Art Therapy Offers Solace for the Self-Isolated

By Nathan Durec


Isolation has become normal now that COVID-19 and social distancing are common practice. As social beings, people are finding themselves largely unprepared for these new shared rules, but previous research into isolated groups and art therapy may offer some support.


Isolated individuals are at an increased risk of developing mental health problems, such as depression. As well, the state of society and the perceived lack of control over our lives can increase anxiety. Researchers who have worked with victims of the SARS outbreak in 2003 or in isolated populations, such as prisons or long-term health facilities, have used art therapy as a way to express these emotions in a safe and positive environment.


Taisha Teal, who graduates this summer from The Vancouver Art Therapy Institute with a Master’s level diploma in art therapy, describes art therapy as a hybrid profession that combines psychotherapy with art education.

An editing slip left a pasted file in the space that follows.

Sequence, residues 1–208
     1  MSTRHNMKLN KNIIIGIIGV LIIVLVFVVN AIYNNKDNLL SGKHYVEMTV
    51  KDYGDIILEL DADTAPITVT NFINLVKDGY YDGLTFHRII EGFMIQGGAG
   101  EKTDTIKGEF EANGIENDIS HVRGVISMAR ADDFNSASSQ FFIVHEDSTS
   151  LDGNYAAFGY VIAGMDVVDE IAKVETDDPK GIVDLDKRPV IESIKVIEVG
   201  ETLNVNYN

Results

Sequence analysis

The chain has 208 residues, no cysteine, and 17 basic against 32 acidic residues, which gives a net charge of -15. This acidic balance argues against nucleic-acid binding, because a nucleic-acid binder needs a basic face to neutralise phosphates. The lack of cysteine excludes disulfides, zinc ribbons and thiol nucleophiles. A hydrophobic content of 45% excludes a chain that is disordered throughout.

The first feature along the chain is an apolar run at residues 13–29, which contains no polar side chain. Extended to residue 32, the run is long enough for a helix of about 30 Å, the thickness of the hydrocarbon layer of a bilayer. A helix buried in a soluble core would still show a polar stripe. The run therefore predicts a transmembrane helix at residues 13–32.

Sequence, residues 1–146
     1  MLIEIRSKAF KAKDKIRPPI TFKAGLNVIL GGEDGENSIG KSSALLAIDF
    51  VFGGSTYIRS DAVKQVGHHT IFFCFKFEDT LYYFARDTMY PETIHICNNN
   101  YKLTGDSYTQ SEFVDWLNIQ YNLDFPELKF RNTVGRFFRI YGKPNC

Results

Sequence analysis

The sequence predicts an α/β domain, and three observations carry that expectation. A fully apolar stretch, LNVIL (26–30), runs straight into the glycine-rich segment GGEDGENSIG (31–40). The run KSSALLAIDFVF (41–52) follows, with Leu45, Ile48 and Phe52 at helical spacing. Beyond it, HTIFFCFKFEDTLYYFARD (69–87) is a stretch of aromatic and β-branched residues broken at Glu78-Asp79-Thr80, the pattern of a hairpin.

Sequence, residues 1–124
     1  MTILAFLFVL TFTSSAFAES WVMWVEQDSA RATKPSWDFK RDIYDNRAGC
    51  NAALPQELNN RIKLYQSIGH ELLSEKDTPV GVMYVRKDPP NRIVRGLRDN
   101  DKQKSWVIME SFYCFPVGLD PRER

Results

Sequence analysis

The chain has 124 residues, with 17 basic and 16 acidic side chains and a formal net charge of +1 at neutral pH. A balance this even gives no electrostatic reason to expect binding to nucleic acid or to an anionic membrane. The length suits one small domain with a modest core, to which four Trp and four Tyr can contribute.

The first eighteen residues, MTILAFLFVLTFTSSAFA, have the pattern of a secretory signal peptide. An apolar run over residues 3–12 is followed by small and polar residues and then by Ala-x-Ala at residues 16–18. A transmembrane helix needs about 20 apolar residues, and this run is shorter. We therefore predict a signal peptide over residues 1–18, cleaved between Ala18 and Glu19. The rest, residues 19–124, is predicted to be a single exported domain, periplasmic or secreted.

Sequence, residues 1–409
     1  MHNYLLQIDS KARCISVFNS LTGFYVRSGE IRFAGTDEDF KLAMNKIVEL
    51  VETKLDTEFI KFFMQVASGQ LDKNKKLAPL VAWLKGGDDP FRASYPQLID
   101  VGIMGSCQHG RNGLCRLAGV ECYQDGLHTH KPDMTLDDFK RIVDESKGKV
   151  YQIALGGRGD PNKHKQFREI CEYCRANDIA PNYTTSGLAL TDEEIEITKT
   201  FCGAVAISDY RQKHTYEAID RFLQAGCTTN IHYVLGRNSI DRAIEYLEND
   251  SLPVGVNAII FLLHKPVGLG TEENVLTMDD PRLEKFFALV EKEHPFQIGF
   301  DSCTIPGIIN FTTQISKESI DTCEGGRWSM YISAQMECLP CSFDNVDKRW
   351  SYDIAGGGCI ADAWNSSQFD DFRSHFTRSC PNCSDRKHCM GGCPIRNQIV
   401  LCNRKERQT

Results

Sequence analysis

“Art therapy is about when the art therapist creates a safe space for the individual, and within that safe space, the individual can self-express through art, whether it’s painting, drawing, molding,” Teal says.


Using different art mediums gives individuals an outlet to work through their depression and anxiety when words may not initially work. The act of engaging in art is meant to allow the subconscious to be exposed so that the individual can find new ways to describe what they are feeling.


“The person may think it might be a problem happening in their day-to-day, but usually it’s like a subconscious issue that’s an underlying root for a lot of things,” Teal says. “And that’s when the amazing moment, ‘Aha, that’s it! That’s what’s been bothering me.”


But what about people who say they can’t do art? Teal doesn’t buy that excuse.


“Do you know how to hold a pencil or a paintbrush? Well then, you’re all good.”



It may be difficult to partake in art therapy with an art therapist while in self-isolation. But it can still be done by the individual to release stress and find calm.


“A lot of time it’s more just experimenting with different materials. People who have never painted before, sometimes it’s not about expressing yourself, it’s just about playing and letting go.”


Teal says people who take the time to pick up a pencil or a paintbrush will be surprised at the benefit creative expression can offer.


“It’s amazing to see. They don't think that they're making a picture,” she says. “There's a whole story that comes out of it.”


24–27 Sept 2020

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